I am one of you. Having taught in public school for over ten years full-time, I understand teaching. This year, more than ever, you need to know that You Got This!!! You know your job and you will just do the best you can, right? In this post, I’ll share three tips teachers can try right away to start off this school year right!
I have to say, with Covid and the uncertainty it presents, I sincerely feel for all of you!
Even though I don’t teach in a schools anymore, I’m still just as passionate about supporting students and teachers with the work I do. So, this little post is for you – for the teachers – the leaders – the heroes who are helping to raise the world’s children. Such a wonderful career. Yet, I know…you have doubts and you may even feel afraid going into the 2020/2021 school year. This is understandable.
You are not alone!
In a workshop I gave on Self-Care last school year, many teachers shared how solitary teaching can be. People who haven’t taught are confused by this statement – after all, teachers are with students! They’re not alone. But, you see, when you are the one adult in a room full of young people (whose safety you are responsible for) it does feel like you are shouldering a big burden all by your lonesome!!
With that in mind, here are some tips to start off this school year on the right foot – whether teaching in class, virtually, or both.
1: Fill your own cup first
Set a morning routine that you can follow to mentally and emotionally prepare you for the day – and it need not take hours! Pullease!! Who has the time? Simply, upon awakening, notice your thoughts. Decide, right then and there: today will be a ‘good’ day! Take 3 deep breaths. Get out of bed and feel your feet on the floor. Squeeze half a lemon into a tall glass of water (yes – before coffee!) and drink it. Now, sit down (or stand) and breathe. Maybe close your eyes – choose one intention for the day. Keep it simple and real. Maybe something like: today I won’t lose it on my kids, or I will do my best to teach ONE thing to my students. Or, I will find joy in the little moments.
2: Look for the GOOD
It’s so very tempting to dip into negativity. The only problem is that once we start dipping we may slide down further and further until we find ourselves in a horrific mood. That is no way to self-care. So, look for the good – otherwise known as ‘gratitude practice’. If you are breathing and it’s effortless – well, that’s good! If you have a roof over your head and food in the fridge – that’s pretty darn good! If you have a few people with whom you can confide and feel safe – that’s so very good! And on and on. You have agency over your thoughts – now is not the time to indulge a chaotic mindset. Instead, consciously aim for peace of mind.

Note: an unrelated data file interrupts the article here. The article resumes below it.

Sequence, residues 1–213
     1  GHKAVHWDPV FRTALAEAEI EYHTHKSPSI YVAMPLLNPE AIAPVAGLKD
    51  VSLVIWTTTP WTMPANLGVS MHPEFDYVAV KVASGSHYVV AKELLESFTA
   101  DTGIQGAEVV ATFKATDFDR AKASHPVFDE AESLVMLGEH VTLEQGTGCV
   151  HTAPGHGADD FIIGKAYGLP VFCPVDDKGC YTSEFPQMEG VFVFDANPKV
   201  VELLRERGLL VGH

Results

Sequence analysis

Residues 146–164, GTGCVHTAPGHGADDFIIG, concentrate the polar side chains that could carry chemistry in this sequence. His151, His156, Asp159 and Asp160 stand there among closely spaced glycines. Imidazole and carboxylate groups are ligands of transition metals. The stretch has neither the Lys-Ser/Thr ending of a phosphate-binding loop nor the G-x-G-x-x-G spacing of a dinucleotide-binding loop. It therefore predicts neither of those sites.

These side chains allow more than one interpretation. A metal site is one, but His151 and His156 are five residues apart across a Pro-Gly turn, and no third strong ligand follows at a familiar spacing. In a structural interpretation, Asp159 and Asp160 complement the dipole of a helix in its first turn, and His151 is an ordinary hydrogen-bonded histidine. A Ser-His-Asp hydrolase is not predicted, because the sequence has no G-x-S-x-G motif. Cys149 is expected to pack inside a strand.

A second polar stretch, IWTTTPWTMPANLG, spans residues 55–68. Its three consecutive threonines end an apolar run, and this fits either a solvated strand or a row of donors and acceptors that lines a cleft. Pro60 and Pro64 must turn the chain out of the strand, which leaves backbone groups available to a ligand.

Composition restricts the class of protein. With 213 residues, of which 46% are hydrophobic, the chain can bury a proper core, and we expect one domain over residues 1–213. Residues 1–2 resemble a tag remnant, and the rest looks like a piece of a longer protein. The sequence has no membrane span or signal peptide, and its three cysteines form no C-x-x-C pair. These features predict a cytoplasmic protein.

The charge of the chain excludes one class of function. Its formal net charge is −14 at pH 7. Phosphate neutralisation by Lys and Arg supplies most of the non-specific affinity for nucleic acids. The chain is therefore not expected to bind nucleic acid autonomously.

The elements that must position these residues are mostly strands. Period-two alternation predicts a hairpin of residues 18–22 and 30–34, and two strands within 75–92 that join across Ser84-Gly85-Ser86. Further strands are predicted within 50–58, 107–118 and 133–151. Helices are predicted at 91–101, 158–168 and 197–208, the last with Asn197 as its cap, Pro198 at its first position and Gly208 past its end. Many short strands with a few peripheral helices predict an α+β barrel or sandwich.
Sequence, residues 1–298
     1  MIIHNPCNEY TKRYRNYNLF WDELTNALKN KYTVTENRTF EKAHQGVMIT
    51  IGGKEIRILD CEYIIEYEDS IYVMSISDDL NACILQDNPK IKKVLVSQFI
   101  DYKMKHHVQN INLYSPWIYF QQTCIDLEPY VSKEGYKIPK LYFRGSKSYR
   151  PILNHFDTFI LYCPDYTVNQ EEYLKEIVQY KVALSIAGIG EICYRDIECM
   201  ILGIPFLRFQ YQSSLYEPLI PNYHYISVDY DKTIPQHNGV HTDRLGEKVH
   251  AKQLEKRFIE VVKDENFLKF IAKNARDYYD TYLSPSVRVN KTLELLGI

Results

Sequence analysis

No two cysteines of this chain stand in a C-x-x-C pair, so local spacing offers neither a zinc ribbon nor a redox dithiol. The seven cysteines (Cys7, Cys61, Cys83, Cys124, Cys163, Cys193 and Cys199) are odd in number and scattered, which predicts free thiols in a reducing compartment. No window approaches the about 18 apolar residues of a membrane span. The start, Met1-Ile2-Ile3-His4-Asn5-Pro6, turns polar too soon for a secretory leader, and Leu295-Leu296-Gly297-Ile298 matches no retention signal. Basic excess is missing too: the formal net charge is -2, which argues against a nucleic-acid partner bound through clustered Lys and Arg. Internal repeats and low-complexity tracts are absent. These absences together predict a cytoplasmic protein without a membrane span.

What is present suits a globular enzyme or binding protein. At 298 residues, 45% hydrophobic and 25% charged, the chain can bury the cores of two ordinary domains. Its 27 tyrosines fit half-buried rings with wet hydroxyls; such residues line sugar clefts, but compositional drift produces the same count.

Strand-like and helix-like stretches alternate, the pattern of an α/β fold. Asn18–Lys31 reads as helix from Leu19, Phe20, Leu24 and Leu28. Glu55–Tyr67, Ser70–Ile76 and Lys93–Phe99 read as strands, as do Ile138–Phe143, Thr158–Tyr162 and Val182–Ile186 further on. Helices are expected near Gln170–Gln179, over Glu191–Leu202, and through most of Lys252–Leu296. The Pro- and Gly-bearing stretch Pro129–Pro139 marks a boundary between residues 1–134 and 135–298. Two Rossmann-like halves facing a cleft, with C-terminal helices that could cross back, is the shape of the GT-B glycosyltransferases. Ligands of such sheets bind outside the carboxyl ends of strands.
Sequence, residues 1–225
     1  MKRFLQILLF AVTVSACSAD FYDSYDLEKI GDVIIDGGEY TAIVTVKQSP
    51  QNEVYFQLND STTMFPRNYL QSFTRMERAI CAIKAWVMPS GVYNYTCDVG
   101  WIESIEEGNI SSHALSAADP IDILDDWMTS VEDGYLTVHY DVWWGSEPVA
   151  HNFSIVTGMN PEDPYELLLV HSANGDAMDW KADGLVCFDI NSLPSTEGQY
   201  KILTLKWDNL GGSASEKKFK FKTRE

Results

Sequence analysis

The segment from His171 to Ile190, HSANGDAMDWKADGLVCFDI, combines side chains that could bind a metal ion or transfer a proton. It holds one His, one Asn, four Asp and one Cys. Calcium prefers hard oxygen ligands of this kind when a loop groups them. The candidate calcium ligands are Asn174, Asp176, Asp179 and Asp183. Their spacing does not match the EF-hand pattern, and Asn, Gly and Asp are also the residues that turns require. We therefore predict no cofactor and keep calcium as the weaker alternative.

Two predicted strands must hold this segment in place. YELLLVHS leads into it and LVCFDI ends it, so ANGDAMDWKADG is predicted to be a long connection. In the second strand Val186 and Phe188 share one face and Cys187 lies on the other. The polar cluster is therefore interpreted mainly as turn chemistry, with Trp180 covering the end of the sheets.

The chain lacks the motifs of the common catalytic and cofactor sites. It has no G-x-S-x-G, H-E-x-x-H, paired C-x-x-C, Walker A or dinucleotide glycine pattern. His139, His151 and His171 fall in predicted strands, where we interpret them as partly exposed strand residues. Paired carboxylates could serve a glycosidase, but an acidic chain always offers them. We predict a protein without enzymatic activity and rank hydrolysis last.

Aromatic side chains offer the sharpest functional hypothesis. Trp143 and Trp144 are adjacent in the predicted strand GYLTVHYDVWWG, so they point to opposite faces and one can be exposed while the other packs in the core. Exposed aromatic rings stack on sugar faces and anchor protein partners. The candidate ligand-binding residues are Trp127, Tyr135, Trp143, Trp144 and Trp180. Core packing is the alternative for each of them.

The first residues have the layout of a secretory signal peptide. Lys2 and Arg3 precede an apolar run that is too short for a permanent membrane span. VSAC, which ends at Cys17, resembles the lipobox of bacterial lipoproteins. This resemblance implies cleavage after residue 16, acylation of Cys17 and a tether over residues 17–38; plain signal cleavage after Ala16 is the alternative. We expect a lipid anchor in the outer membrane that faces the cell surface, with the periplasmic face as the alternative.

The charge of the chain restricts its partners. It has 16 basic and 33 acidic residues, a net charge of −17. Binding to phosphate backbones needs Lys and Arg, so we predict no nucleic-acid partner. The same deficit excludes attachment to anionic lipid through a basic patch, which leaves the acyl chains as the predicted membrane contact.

3: Create a To-DON’T list
We make lists upon lists of what we must DO. Yet, we rarely make a list of that which we shouldn’t do. Such as – scrolling mindlessly through Instagram instead of sitting outside and gazing at nature. Or, unrelentingly putting ourselves down throughout the day. We may berate ourselves on not getting enough done, or being unmotivated, or not being where we’d like to be in life but really – what good does this do? Write down a few things you aim NOT to do today – and notice how that makes you feel. It’s not so hard to start taking care of yourself – as you would a friend.
Start slow with your students. Remember – you will not ruin a child if they don’t learn about onomatopoeia this year. This is one year in their long, long life. You cannot be a perfect teacher, nor should you be. Kids learn from our example. Express yourself to your students – let them know that you are trying your best but that you made a mistake or that you are confused. Own it. Your students will learn more from being around you, as a person, than from the curriculum you deliver to them through your lessons.
Teach yourself, accept who you are, embrace this job, and find the love (it’s within us and all around us!). Have a look at our YouTube Channel to find some videos you can personally enjoy and can share with your students.
What more is there? Plan some professional development days with your team! We all need support these days – don’t be afraid to ask for help when you need it.
Now get out there (or in there) and do your best!